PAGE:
Defense Files

Memorandum by the Chief of Staff, United States Army (Marshall)1

At a meeting at the White House late yesterday afternoon in which the Prime Minister, the British Chiefs of Staff and Lord Beaverbrook participated, and at which U. S. Chiefs of Staff and Mr. Harry Hopkins also were present, the President and the Prime Minister approved the attached proposal2 for the reduction of the troops scheduled for Iceland and Ireland on January 15th and for the rearrangement of shipping to permit the sailing of a convoy from New York on January 20th of some 21,000 troops for the Far East.

Regarding the collection of the necessary shipping to provide 228,000 ship cargo tons for this expedition and for the pursuit, medium and light bombardment planes set up for the expedition, it was decided that this should be done, but that other shipping would have to be found to permit the continued flow of matériel to Russia and pursuit, “Baltimore” planes and tanks to Cairo.

I explained at this meeting that Admiral Land and his principal assistants had informed me that to collect the necessary cargo ships—some [Page 195] 20-odd—would force the reduction of shipments to Russia by something like 30%, though he stated that it was impossible to rate the reduction on a percentage basis without elaborate calculation as to involved turn-arounds, delays in unloading at Murmansk and Archangel, etc. Mr. Hopkins stated that he felt that the reservoir of shipping had not been exhausted and that the necessary vessels could be secured. Lord Beaverbrook presented difficulties in connection with maintaining vital shipments to England, which at the present time were delayed.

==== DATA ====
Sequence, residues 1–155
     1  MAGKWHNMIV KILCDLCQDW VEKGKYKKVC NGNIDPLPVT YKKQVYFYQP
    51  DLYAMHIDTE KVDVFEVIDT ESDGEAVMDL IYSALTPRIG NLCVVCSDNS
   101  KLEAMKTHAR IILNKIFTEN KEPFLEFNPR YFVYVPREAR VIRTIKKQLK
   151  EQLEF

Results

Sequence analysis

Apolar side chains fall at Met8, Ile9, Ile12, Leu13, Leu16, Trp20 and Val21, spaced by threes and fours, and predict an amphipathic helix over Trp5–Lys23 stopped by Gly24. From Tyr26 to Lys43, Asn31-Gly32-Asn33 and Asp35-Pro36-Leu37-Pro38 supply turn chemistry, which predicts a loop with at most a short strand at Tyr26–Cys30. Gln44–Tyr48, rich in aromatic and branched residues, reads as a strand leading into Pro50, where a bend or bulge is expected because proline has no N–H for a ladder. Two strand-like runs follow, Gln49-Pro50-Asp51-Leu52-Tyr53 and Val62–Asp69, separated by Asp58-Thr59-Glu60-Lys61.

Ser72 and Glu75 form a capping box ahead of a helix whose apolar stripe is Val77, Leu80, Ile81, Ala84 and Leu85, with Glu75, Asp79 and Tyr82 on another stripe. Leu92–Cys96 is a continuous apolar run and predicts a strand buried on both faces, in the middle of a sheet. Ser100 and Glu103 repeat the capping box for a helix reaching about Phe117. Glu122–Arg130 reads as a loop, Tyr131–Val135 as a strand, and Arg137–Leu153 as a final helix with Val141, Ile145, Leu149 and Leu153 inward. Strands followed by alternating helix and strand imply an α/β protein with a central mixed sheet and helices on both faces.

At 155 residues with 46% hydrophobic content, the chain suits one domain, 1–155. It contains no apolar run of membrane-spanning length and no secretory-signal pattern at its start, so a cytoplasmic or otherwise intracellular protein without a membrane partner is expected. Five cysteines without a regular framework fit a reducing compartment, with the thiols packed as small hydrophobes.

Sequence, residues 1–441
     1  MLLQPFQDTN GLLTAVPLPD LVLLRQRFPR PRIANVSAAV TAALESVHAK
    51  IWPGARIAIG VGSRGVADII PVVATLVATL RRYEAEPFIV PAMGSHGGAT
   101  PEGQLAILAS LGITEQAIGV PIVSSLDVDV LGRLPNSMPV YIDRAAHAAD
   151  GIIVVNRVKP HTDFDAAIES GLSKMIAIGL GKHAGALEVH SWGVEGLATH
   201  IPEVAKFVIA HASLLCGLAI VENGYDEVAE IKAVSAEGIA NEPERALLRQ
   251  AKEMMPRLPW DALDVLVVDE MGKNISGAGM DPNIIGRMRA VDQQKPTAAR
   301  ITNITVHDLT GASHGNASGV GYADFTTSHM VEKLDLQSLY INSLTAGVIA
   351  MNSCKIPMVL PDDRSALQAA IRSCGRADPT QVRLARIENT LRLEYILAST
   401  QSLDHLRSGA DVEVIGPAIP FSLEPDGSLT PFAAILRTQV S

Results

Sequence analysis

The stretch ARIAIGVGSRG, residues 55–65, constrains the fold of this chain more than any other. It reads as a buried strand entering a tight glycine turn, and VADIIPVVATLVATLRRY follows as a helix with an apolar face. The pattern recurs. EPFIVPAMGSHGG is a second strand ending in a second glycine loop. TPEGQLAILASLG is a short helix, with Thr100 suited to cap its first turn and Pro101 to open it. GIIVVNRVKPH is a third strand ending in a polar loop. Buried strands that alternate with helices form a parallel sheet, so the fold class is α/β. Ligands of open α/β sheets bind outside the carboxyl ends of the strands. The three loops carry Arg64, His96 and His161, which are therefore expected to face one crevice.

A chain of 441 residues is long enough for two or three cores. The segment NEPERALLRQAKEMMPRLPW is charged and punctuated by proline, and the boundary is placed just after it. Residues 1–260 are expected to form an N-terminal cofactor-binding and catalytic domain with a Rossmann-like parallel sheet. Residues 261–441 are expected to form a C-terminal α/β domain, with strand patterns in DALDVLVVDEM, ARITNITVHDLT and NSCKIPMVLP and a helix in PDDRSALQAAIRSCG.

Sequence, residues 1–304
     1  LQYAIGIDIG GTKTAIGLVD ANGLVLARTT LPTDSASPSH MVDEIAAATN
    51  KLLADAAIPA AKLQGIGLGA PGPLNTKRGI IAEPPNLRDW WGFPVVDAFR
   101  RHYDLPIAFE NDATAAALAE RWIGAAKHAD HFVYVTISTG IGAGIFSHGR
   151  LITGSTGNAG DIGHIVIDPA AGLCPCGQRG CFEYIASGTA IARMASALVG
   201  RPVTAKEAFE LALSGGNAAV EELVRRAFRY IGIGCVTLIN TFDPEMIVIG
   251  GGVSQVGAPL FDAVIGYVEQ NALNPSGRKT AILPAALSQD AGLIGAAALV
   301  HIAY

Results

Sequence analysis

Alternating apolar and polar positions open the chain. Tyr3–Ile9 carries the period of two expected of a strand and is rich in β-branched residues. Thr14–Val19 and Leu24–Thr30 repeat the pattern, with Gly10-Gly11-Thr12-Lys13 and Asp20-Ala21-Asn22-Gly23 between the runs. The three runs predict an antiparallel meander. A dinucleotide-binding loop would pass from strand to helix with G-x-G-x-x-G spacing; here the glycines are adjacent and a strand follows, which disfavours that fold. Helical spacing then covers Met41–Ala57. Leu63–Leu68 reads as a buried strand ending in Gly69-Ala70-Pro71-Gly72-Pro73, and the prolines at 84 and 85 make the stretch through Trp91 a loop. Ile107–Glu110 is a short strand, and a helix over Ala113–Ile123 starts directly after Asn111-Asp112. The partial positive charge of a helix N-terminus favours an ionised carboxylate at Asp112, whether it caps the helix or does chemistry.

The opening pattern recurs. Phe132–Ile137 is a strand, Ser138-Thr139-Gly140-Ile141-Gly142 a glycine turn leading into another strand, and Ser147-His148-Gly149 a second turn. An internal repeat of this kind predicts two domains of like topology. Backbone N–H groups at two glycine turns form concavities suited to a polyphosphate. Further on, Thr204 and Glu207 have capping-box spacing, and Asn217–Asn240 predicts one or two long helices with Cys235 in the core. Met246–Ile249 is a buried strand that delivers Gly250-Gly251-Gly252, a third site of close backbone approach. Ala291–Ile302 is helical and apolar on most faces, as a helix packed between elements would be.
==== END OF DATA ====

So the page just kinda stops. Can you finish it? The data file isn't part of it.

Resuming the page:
The President and the Prime Minister felt that it was highly important that there be no indication of reductions in the shipments to Russia.

Regarding the use of the Queen Mary and our suggested employment of the three U.S. Naval transports now in the Far East, the British requested an opportunity to confer with the Home Government. However, this phase of the matter would have no effect on the organization of the U. S. convoy for the Far East. It might involve a delay in the movement of U. S. troops to Ireland.

General Somervell was personally directed by me last night immediately to start on the rearrangement of shipping at the Port of Embarkation in New York.

G. C. Marshall
  1. The source text is an unsigned copy. The memorandum was sent by Marshall to the Assistant Chiefs of Staff for War Plans, Operations, and Supply.
  2. The attached proposal was a copy of the memorandum of January 12, 1942, post, p. 229.